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Meet Aditi Sonajirao: Powerhouse GM at Fish Cheeks

Naomi Banks | 13 March, 2024

            Meet Aditi Sonajirao: Powerhouse GM at Fish Cheeks

For Women's History Month, we interviewed Aditi Sonajirao, General Manager at Fish Cheeks, originally from New Jersey. With nearly four years at this restaurant, Sonajirao reflected on her journey from Floor Manager to GM and navigating the challenges of COVID with owner Jenn Saesue. Leading a predominantly female team, Sonajirao emphasized the importance of diverse experiences over gender diversity and fostering a supportive environment where each member brings unique perspectives. Inspired by her parents' work ethic, Sonajirao acknowledged her pride in overcoming adversities and celebrating achievements.

Her responses have been edited for length and clarity. Check out the interviews with owner Jenn Saesue and managers Christina Stopielo and Pud Dechkla by clicking on the hyperlinks.

Purchase the only print signed by the owner to support a worthy cause. 100% of the proceeds of the signed print benefit the Brooklyn Community Service's Transitional Living Community women's shelter.

What does it feel like to work at Fish Cheeks?

Sonajirao: We've curated a strong team of managers with a similar goal – we want to make sure that our guests are getting the best experience possible. We work hard to train the team towards the same goal and the food speaks for itself. Every day is a little bit different. We get to meet some great people. A lot of wonderful regulars come through, so I’ve made a lot of connections and had the chance to make some new friends along the way.

Talk me through how having a women-dominated staff impacts the flow of the restaurant.

Sonajirao: I've been in the industry for over seven years; back and front of house. Understanding the effort that goes into making the food makes it easier to support the kitchen. One thing I would love to kind of see more of is more support systems for females in management. It's great that we have each other here, but it'd be great to see more of that. There are generally a lot of groups out there for career improvement, but I don't see many for women in the culinary world.

It was extremely difficult being a two person team, but also very fortunate to get to work with our owner Jenn. Two years in, I was able to hire Christina, and then the next year after, we promoted our other restaurant manager Pita [Pad] from a server. They've been able to bring their valuable experience and different perspectives. We all come from different backgrounds – cultures,  ages, and experiences. You don't necessarily need gender diversity to have a good team. Having a team with diverse personal experiences is really important. 

We've all had our hard days, but we're at a really strong point where we're able to support each other. I would say it’s a deeper understanding than family. 

But being in an industry where we're dealing with guest’s needs and employee’s needs, that high emotional IQ is extremely important. And I know that my team has that. Working for a woman like Jenn, who has been able to be our Guiding Light in what she wants out of her restaurant, she always gives great advice and she's a badass business person. We get to kind of see both sides of it. How do we manage the business and the money, as well as take care of our team and guests?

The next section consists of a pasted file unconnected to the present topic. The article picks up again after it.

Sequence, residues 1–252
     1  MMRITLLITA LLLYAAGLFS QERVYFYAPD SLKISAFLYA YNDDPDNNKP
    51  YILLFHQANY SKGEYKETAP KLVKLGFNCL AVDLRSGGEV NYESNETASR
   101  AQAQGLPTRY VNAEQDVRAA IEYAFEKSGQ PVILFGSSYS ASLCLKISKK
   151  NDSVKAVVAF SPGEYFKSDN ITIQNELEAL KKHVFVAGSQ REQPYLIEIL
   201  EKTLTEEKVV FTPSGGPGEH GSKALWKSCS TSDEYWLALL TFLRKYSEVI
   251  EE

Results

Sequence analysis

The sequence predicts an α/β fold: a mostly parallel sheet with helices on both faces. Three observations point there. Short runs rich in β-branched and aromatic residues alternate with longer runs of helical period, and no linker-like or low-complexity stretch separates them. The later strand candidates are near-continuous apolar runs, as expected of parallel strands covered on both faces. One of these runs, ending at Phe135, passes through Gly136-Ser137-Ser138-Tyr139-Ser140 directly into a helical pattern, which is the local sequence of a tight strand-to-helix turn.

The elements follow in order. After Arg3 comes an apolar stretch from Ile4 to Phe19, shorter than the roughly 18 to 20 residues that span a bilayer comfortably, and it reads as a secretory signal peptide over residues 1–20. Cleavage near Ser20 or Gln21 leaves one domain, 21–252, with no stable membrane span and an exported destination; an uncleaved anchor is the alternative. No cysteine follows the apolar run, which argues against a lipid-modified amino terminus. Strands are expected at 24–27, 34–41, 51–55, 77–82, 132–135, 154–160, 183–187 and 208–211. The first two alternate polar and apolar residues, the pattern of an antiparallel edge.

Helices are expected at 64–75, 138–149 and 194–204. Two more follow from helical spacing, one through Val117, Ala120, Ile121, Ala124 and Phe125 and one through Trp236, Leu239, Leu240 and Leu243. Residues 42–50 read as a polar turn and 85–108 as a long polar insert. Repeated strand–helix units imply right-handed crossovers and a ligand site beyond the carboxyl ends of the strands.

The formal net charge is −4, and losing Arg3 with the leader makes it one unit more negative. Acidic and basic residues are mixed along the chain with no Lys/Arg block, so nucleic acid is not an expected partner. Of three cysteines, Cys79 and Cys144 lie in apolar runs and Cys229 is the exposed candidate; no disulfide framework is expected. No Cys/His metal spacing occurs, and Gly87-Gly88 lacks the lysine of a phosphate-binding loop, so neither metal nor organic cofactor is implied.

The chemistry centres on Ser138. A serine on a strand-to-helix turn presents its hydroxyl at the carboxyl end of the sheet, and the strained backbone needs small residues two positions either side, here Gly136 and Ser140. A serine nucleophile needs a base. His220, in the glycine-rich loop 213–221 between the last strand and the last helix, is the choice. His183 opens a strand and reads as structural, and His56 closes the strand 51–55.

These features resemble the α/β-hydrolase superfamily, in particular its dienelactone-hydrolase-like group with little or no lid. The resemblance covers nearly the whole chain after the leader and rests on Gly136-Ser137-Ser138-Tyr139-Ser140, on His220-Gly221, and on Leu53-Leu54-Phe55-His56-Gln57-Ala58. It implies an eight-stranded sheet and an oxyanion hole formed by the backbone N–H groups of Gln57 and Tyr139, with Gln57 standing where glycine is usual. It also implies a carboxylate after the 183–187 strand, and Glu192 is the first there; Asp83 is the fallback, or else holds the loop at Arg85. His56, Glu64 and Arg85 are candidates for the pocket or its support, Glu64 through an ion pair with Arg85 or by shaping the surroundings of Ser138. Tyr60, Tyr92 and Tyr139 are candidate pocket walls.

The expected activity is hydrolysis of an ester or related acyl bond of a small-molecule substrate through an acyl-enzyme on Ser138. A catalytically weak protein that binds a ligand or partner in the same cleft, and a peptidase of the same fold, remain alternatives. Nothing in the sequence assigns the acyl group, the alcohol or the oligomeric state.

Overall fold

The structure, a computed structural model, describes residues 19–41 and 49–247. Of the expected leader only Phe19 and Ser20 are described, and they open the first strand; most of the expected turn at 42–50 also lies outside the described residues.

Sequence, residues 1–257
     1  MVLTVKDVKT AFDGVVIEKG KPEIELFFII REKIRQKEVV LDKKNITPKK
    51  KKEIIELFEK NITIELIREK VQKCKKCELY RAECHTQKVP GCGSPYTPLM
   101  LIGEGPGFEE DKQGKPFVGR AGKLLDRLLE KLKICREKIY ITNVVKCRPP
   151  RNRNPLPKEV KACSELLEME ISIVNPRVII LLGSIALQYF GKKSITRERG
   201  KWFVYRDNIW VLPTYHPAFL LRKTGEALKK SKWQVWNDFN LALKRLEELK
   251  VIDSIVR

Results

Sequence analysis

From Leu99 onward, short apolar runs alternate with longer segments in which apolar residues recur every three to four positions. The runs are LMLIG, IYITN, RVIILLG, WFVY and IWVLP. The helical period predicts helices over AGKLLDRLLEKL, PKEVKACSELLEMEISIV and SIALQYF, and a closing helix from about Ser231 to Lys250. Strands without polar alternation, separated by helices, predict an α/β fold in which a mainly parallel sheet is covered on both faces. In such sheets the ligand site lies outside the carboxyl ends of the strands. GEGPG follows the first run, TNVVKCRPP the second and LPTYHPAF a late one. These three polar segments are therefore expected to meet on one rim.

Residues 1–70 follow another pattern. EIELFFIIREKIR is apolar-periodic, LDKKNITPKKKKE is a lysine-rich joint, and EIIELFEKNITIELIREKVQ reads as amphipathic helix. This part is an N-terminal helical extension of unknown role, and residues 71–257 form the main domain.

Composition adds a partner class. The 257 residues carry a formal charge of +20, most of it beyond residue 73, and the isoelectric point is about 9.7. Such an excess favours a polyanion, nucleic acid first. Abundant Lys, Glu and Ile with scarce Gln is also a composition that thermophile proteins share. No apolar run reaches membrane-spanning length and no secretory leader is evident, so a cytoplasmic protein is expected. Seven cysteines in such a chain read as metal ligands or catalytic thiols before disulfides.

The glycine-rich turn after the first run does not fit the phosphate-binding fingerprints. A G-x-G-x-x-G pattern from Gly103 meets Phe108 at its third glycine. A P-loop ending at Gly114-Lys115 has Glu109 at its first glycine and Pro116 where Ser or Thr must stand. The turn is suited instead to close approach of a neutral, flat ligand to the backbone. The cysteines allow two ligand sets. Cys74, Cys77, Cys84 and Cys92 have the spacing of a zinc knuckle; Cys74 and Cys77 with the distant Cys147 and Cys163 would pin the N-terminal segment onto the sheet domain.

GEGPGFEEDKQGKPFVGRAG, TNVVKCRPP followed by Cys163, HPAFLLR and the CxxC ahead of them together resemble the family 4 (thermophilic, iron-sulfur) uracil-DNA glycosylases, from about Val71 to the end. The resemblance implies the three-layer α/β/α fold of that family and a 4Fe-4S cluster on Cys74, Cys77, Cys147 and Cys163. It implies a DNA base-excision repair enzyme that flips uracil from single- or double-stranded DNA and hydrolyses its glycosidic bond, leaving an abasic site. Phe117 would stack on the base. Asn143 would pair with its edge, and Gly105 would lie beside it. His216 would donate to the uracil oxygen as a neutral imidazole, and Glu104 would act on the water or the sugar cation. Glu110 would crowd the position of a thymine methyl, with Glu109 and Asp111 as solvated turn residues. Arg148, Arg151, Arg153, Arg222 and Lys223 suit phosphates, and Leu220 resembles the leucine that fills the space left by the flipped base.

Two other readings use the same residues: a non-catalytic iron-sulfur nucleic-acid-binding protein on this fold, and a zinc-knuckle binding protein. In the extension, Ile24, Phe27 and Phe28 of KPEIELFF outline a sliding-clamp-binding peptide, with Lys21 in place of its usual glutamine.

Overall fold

Christina is usually the person that I go to when I don't know what to do. We balance each other out very well. I play devil's advocate, seeing the worst case scenario because I have to prepare for that. She helps me be a realist. Christina’s a great person to practice difficult conversations with. 

Pita is very direct.  She wants and is not afraid to ask for it from our staff. We hold our team at a high standard. For example, if Christina and I are not seeing where that employee needs to improve with a checklist of what needs to happen, or what they're doing well, Pita’s already got that covered.

Who are the elders that have influenced your work ethic?

Sonajirao: I’ve had good managers and not great managers in the past that I've been lucky enough to learn from. I’ve learned what I do and don’t want to do. 

As for my family, definitely my parents. My parents have worked hard to make my life easier. Modeling after them has always been important. More recently, they've gotten to see the person I've become and their biggest concern with me is to focus on what's going to make me happy. 

How proud are you of yourself?

Sonajirao: Women are expected to be humble and, since we are celebrating Women's History, I'm choosing not to be humble. I'm really proud of myself and what I've accomplished. It was just me and Jenn here through COVID. Every week felt like two months of time with the amount of changes that were going on. Considering what we had to go through and that we’re still here four years later, I just take it in stride. There's a place to be humble, but today's definitely a day I feel proud that we're here.

Fish Cheeks is located at 55 Bond St,. New York, NY 10012 and is currently open on Sunday through Thursday from 12:00 p.m. to 10:15 p.m, and on Friday and Saturday from 12 p.m. to 11:15 p.m., with happy hour from 12:00 p.m. to 6:00pm. (212) 677-2223

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